I imagine a lot of the movie would just be reaction shots of the characters looking at really horrifying shit just off screen or off in the distance, when they're not running for their lives from...something. I see a fight scene in my head where the main guy grapples with an unseen something, and we only see his half of the fight as he swings wildly at his opponent just out of frame. Then maybe a final futile promise of a reveal when he pulls a mask off the thing (again, from off screen), and looks shocked and wide eyed, suddenly recognizing that this thing is in fact...and then we cut to black. Because fuck you audience, you don't need to know any of that shit.

It's called They, and its about them as they do whatever it is that they do. Oscar please.

The Cinema File #30: "Strippers Vs. Werewolves" Review

See, its funny 'cause two things that shouldn't be fighting each other are in fact fighting one another. Its a thing Vs. another thing, where neither thing is relevant to the other thing! Get it?...Ugh.

So I'm watching Cockneys Vs. Zombies right? And I'm pleasantly surprised by the result, and as I'm uploading my review to my sister site Picture Show Pundits, tediously plugging in the information about the movie from, I notice that Alan Dale, the delightful old codger from this movie, was also in another movie this year with the same Something Vs. Something title scheme where a group thought to be strange or inherently amusing does battle against a supernatural force. And so, fool that I am, I track down this movie, thinking the actor connection must be some indication of its shared quality. I was wrong, and now I am lost, adrift in the sea of ball-sucking terrible-ness that is Strippers Vs. Werewolves.

The story follows a group of strippers who fight werewolves. I'm not trying to be clever there, that's really the whole fucking movie. A werewolf attacks a stripper during a dance, the stripper accidentally kills him in self defense, blood feud ensues. Apparently its based on a comic book, and I know this both because the opening credits say it, and because the movie employs this godawful multi-panel visual style that I suppose was meant to give it a comic book feel, but just makes it an ugly distracting mess.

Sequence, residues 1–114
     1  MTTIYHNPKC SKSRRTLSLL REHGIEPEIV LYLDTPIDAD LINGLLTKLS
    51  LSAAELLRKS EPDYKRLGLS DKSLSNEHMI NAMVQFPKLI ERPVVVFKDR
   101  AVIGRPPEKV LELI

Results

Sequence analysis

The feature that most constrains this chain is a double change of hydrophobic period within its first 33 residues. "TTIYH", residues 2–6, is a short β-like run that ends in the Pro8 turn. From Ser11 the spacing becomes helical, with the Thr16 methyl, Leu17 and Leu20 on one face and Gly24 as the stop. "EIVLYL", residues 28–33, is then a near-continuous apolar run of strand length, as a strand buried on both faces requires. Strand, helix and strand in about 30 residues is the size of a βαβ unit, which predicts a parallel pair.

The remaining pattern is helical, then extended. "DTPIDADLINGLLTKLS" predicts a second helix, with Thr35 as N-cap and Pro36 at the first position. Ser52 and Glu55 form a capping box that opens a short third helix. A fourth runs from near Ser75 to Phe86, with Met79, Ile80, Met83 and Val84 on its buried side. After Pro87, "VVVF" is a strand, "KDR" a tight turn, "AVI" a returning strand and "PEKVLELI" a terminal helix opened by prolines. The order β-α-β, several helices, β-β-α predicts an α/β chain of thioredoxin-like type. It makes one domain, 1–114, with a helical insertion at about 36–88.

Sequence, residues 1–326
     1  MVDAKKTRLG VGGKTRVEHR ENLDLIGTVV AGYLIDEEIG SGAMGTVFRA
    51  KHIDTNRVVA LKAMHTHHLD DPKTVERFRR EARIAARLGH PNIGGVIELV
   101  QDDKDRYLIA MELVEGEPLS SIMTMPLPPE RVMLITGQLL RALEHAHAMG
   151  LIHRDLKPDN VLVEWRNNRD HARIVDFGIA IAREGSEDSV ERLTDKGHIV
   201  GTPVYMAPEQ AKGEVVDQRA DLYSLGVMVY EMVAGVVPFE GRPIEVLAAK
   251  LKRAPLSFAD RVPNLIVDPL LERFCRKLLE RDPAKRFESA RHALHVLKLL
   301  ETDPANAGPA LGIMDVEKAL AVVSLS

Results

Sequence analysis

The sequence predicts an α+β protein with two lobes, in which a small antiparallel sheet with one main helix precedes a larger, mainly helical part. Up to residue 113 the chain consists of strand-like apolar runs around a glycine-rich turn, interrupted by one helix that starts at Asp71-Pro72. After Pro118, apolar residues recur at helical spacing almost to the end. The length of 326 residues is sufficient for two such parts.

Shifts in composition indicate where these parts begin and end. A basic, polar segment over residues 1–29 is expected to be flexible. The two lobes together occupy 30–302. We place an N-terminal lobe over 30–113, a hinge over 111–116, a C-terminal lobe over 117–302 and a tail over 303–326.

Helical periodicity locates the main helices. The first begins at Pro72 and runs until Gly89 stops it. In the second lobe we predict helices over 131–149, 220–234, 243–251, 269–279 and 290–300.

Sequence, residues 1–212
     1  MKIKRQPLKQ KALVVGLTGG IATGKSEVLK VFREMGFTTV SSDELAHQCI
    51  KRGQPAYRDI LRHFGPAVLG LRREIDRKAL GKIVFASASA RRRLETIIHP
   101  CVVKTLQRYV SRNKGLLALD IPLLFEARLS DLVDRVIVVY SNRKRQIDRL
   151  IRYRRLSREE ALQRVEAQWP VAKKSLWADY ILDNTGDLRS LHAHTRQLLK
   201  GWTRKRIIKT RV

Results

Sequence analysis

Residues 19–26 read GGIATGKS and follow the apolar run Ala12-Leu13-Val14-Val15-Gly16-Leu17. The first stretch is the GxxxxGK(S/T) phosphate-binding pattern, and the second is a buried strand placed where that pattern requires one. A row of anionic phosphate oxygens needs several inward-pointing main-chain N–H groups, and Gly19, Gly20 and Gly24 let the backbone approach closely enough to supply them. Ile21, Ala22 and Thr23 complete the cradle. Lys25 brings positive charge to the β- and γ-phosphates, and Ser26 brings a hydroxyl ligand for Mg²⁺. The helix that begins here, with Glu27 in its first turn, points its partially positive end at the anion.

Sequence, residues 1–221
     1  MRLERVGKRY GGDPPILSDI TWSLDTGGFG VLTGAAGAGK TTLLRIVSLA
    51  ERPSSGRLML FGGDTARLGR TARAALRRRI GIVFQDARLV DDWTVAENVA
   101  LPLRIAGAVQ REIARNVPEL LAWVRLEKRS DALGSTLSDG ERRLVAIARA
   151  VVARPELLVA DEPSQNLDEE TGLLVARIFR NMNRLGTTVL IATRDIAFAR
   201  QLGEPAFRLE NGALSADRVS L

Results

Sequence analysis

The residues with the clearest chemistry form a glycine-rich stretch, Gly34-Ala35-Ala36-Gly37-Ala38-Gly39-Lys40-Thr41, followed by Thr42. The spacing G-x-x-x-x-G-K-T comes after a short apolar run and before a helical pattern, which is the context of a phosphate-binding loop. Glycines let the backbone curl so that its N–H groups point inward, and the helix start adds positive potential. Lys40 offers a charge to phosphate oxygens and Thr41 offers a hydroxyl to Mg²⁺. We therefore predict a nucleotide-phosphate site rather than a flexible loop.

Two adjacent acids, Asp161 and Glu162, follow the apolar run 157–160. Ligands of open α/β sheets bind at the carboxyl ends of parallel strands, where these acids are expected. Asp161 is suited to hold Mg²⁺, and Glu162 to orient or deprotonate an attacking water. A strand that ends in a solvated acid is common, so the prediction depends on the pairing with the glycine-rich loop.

The Cinema File #29: "Frankenweenie" Review

 In a year with one of the best stop motion animated films of the last ten years, I can't help but wonder if Frankenweenie suffers from coming out just a little bit too late.

I've got a poster of Paranorman up on my wall (Thanks Eric!). As I've said before on this blog, it's still my favorite movie this year, which is saying something, considering this is also the year we finally got a good Spiderman movie, a good Judge Dredd movie, and Ben Affleck's masterpiece Argo. And then, a few months after Paranorman came along, we got Frankenweenie, the latest animated feature by Tim Burton, adapted and expanded from his short film of the same name. Frankenweenie is by no means a bad movie, but I don't think its possible to come away from it without feeling like the animated baton was out there, waiting to be passed, and this movie just couldn't quite reach it.

The story follows a boy who uses arcane kid science and the frequent lightning storms that plague his neighborhood to bring his recently dead dog back to life. That sounds like a description that a hack might end with the phrase "and wackiness ensues," but the first problem I see with Frankenweenie is that not much of anything really ensues after the initial resurrection occurs. The plot of the short film is expanded using young Victor's classmates, who steal the secret to bring their own pets back to life, with disastrous results for the town. The climactic chaos is fun to a point and a nice tribute to the classic universal horror monsters, but when it comes to the (sort of) title character of the movie, the dog, there's not really a whole lot going on. He runs around and does dog stuff, and then comes in at the end to save the day. Maybe that's all you need, but it seems like the concept of an undead patchwork dog has more potential than this.

The Cinema File #28: "Dark Shadows" Review

Weirdly enough, when you say the name of this movie three times, Beetlejuice still appears, but instead of scaring humans, he just cockslaps you in the face.